Statistical analysis of ice crushing pressures on a ship's hull during hull-ice interaction

Pentti Kujala*, Sankar Arughadhoss

*Corresponding author for this work

    Research output: Contribution to journalArticleScientificpeer-review

    43 Citations (Scopus)


    Ice bound shipping is considerably more dangerous than shipping under more favourable water conditions. During winter the Baltic Sea can be covered with ice over an average of about 45% of its surface. The ice mostly reaches its maximum extent in late February or early March. The Bay of Bothnia located in the northern basin of the Gulf of Bothnia is prone to extreme frozen ice conditions. During winter the typical ice thickness in the northernmost areas of the Bay of Bothnia is about 70. cm for land-fast sea ice. In this paper the ice crushing pressure on a ship's hull is analysed statistically. A series of tests took place over four days in the Aalto ice tank and involved two different ship models. The peak pressures caused by ice were calculated from four sensor sheets located at different positions on the hull. In the statistical part, the sum of the forces acting on a section of a ship's hull was modelled as a Poisson random process. Analysis of the cumulative distribution function (CDF) was modelled for the total force. The full scale comparisons of pressure-area values and line loads as a function of the load width were analysed by comparing the model scale data with full scale measurements onboard MS Arcturus and IB Sisu. Finally a short comparison is also conducted with the load level obtained from damage statistics gathered in the Baltic Sea.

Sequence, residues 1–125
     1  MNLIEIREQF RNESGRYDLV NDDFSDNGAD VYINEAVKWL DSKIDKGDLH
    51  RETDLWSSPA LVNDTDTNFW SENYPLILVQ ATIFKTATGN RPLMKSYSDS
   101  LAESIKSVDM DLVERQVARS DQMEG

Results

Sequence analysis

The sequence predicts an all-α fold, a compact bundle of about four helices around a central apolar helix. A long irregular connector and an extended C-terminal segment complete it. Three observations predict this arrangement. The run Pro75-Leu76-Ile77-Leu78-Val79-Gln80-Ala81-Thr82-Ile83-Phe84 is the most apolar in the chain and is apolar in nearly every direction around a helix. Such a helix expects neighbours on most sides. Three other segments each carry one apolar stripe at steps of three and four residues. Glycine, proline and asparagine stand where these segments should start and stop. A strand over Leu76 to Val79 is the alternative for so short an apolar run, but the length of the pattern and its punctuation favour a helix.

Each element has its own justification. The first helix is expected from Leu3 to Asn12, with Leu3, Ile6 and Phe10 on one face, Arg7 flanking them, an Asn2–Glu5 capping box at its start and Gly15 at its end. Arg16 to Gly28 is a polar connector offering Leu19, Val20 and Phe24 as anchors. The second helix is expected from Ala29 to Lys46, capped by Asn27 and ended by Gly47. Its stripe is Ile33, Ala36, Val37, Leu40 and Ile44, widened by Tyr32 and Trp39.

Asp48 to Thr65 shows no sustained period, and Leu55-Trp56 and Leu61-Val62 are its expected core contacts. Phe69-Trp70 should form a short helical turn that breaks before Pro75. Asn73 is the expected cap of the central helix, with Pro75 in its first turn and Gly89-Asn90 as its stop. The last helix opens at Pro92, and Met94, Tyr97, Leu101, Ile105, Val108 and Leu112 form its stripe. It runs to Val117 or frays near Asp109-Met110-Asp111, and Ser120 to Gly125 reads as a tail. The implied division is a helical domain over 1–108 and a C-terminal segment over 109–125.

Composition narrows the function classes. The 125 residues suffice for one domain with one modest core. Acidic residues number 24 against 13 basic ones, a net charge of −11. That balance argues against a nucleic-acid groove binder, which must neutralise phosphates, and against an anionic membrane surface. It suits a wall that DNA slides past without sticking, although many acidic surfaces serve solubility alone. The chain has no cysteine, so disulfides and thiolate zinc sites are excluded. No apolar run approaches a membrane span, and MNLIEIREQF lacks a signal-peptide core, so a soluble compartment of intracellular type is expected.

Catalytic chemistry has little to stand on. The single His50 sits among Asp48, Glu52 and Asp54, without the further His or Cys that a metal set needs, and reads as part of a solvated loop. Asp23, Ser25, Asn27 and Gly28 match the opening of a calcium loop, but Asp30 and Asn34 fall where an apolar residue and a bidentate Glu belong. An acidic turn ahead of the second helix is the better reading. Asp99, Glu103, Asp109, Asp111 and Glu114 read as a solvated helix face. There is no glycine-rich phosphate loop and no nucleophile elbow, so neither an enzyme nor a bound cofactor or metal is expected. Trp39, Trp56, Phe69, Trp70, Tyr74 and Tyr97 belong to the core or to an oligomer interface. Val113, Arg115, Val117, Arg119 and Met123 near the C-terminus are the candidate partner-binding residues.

Original languageEnglish
    Pages (from-to)1-11
    Number of pages11
    JournalCold Regions Science and Technology
    Publication statusPublished - Jan 2012
    MoE publication typeA1 Journal article-refereed


    • Crushing pressure
    • I-Scan Sensor
    • Ice load
    • Level ice
    • Model tests
    • Poisson distribution


    Dive into the research topics of 'Statistical analysis of ice crushing pressures on a ship's hull during hull-ice interaction'. Together they form a unique fingerprint.

    Cite this